Peonies and Poetry Upstate

This summer, M. and I will be traveling to downstate New York to become acquainted with our new home, and so that I can attend orientation for fall quarter. The last time I was in New York was 2009, volunteering at Linwood Gardens through the WWOOF program.

Garden walls

Linwood is a large, gorgeous, old private estate, established in the early 1900’s and listed on the National Register of Historic Places. In the 1930’s, William Gratwick the Third moved there with his family and set up a rare plants nursery. While not a commercial nursery, tree peonies are still grown there. Our group was tasked with some weeding and pruning, but primarily with doing repair work on the 100-year-old walls of the Italian Garden. Returning to Linwood Gardens is #73 on my 100-in-1000 list, and I hope to return when the peonies are in bloom and under circumstances that don’t involve power-washing in the heat!

Wall repairBreak time.

The Italian Garden in the 1930’s, photo by William Gratwick the Third, and in 2009.

The property remains in the Gratwick family, and is maintained in part by the very friendly and hard-working Lee Gratwick herself. It was a privilege to stay with her and work on the grounds. We all stayed in a separate wing of the house, and in my off-hours, when I wasn’t exploring, I found my way into a scrapbook or two regarding the history of the grounds. Here are a couple of photos of Lee, taken by her father:

The Gratwick property regularly hosted cultural events and provided a place for artists and writers to get away, especially in the 1930’s-70’s. Evidence and ephemera from earlier days certainly evokes ideas of Gatsby-esque affairs, evolving into something more bohemian as the decades progressed. Ansel Adams, Minor White, and William Carlos Williams were regular visitors, and the Williams poem “The Yellow Tree Peony” was printed for the first time in an account of the estate by William Gratwick the Third titled My, This Must Have Been a Beautiful Place When It Was Kept Up.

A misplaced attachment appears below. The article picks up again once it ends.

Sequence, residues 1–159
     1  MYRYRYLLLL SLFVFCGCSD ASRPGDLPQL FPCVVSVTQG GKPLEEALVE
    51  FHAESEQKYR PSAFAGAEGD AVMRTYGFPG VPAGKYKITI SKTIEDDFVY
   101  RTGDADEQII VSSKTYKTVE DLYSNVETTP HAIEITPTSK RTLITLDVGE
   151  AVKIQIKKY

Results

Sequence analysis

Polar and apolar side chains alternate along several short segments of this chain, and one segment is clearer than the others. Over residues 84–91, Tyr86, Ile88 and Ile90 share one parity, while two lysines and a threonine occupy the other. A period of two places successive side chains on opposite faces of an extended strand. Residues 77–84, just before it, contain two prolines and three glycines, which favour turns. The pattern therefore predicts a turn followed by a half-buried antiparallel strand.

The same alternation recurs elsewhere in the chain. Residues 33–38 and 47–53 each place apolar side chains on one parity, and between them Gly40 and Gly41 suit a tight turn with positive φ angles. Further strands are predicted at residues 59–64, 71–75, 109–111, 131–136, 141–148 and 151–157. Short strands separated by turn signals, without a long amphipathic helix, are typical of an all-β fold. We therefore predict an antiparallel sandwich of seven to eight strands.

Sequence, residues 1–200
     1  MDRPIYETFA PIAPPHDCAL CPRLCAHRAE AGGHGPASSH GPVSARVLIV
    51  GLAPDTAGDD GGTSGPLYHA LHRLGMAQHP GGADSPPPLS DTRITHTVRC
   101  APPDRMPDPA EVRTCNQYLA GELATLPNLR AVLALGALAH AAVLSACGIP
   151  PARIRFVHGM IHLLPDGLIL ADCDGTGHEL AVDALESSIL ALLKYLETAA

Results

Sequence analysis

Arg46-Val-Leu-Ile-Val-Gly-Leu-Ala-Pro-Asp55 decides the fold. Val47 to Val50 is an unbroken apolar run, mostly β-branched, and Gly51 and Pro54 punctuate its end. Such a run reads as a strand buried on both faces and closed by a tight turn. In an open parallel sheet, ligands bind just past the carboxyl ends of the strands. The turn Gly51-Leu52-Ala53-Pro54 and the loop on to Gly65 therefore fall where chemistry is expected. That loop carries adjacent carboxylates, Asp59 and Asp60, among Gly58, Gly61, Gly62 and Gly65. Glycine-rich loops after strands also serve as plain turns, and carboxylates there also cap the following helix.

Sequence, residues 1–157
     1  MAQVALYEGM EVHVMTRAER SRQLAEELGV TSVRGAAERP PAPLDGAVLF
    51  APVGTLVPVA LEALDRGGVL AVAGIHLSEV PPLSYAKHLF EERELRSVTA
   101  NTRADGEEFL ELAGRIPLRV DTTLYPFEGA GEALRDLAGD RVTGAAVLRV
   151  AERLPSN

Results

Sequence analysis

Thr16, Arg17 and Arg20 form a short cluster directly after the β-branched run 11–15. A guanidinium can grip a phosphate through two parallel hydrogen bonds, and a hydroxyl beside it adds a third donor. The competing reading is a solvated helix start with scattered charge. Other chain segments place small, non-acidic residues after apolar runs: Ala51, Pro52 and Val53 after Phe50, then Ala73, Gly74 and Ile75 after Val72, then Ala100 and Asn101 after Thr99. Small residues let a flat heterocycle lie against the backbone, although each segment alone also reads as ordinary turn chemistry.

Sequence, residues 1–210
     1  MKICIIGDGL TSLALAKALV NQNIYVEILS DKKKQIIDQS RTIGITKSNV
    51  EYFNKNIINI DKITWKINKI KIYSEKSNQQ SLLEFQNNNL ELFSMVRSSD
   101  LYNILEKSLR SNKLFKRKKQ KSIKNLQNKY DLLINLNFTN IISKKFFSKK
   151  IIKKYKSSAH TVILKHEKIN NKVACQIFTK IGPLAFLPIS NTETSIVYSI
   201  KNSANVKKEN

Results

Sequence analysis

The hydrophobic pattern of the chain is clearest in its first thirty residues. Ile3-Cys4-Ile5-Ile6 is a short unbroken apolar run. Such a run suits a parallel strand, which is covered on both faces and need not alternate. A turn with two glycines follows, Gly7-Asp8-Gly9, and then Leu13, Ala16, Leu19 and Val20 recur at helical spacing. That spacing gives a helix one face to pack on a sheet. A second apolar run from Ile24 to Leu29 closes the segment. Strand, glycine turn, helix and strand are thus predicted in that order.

William Page conducts Mozart’s Requiem during the Sunday Evening Concert series, 1957.
Photo by Eric Guteman.
The same pond in 2009, after cleaning it out in anticipation of a weekend wedding.

Little chapel

During precious weekend hours, I would practice lap dulcimer in the little “chapel”-like structure above. Barn swallows made nests high on the walls, flying in and out at dusk, and one could light candles in the iron chandeliers hanging from the ceiling.

Fireplace and chimney

Not all of the old structures survived the years. On one exploratory walk, I came across this old fireplace and chimney.

Linwood perimeter

If you ever have the chance to visit during the season when the grounds are open, it is well worth the trip. The grounds are positively magical. Finally, here is a very calm and photogenic frog beside the lily pond, just one example of the fauna to be found. I hope to revisit the topic of Linwood Gardens here when we’ve gone to the grounds after our big move.

Frog friend


Featured Image:
Phil Eliot, who took many photos of the gardens. Photographer unknown.
Sources:
“Gratwick History.” Linwood Gardens. Web. 30 May 2017.
Gratwick, William. My, This Must Have Been a Beautiful Place When It Was Kept Up: As Documented in the Year 1965. Pavilion, NY: W. Gratwick, 1965. Print.
“Linwood Gardens.” The History of Buffalo, New York. Web. 30 May 2017.
Citing this page:
Solomon, Alana. “Peonies and Poetry Upstate.” Ortolana Studio & Press. Ortolana Studio & Press, 30 May 2017.

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